1951 - 2017
On the morning of September 11, 2001, American Airlines Flight 11 and United Airlines Flight 175 were commandeered by terrorists and crashed into the north and south towers of the World Trade Center in New York City. Later that morning, both towers and surrounding buildings collapsed, sending a large cloud of toxic dust and smoldering debris through lower Manhattan.
That morning, Special Agent Dennis Bonelli, who worked in the FBI’s New York Field Office, was in the north tower assisting with the building evacuation when the second aircraft struck the south tower. Bonelli exited the tower before it collapsed and was exposed to toxic dust and debris. In the following months, he regularly traveled between ground zero, an emergency command post, and his office, which had been filled with dust and debris from the nearby collapse.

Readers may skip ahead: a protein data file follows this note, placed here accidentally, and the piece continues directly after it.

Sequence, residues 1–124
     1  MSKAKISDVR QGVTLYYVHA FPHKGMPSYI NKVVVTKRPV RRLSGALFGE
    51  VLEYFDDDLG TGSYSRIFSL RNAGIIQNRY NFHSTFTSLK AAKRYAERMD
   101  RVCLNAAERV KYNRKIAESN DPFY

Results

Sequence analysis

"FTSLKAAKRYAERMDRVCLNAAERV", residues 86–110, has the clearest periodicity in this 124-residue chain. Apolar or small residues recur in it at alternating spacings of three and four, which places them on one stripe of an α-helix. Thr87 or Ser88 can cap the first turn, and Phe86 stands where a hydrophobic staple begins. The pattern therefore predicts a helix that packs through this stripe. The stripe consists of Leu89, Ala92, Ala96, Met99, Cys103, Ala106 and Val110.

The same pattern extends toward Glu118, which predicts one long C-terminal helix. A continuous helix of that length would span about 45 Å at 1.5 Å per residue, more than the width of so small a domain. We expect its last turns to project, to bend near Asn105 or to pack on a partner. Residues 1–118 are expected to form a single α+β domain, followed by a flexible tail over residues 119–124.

In 2012, Bonelli was diagnosed with chronic obtrusive pulmonary disease (COPD) and later with lung cancer. He succumbed to his illnesses on November 28, 2017. Extensive research by the Centers for Disease Control and the National Institute for Occupational Safety and Health established sufficient evidence that Bonelli’s exposure to the air in and around the World Trade Center site either precipitated or accelerated his development of both illnesses.
Special Agent Bonelli entered on duty with the FBI in September 1983.